And, there are more everyday problems. The streets here are not paved, so it’s not difficult for Ahmed, a local resident, to dig a trench. Once he’s done he will lay a tube to channel the putrid waters outside the wall, as drainage problems add to the more severe security ones. He wants to prevent his two nephews from getting sick from the stench when they play outside. They are the sons of his brother killed in an explosion six months ago.
“We offered Ahmed to his widow to take of her and the kids but she didn’t accept,” says Ahmed’s mother Zohaila, still in mourning clothes. “I can hardly support them with the 150,000 dinars a month [about 90 euros] I get for searching women at the entrance to the mosque.”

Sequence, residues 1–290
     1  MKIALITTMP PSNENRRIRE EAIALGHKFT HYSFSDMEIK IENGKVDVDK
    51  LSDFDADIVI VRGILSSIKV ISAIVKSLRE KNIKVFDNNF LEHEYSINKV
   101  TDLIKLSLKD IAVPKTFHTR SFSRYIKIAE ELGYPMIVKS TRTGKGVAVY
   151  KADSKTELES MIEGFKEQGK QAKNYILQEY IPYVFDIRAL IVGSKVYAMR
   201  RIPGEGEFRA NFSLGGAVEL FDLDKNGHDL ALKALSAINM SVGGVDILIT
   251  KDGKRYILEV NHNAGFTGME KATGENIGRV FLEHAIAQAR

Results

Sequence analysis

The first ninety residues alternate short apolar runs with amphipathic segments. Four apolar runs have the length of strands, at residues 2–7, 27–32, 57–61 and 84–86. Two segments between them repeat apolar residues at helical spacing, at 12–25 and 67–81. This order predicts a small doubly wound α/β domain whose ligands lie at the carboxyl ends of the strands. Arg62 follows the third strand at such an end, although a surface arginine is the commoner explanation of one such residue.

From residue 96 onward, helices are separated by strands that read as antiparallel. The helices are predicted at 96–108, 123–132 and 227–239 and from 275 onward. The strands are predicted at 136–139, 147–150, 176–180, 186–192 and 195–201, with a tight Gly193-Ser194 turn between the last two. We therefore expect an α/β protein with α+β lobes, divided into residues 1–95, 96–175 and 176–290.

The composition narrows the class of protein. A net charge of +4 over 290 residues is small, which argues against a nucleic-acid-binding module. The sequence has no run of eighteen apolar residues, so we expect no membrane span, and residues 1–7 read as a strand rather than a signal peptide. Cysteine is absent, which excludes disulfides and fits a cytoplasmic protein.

Deep in the heart of the walled area, Shia icons are ubiquitous around the Imam Ahmed mosque – from the portraits of Imam Ali, a descendant of prophet Muhammad according to the Shias, to those of Moqtada al-Sadr, a political and religious Shia leader and a key player in post-Saddam Iraq. By the side of these portraits stands a billboard with names and pictures of those killed in the several attacks in Tuz.
“Terrorists have no religion or race,” says local policeman Massoud. That’s something local residents seem to make a point of saying.
In its May 2013 report, the Institute for International Law and Human Rights says Iraqi Turkmen have been “intimidated by Kurdish and central government authorities for their presence in the disputed territories.”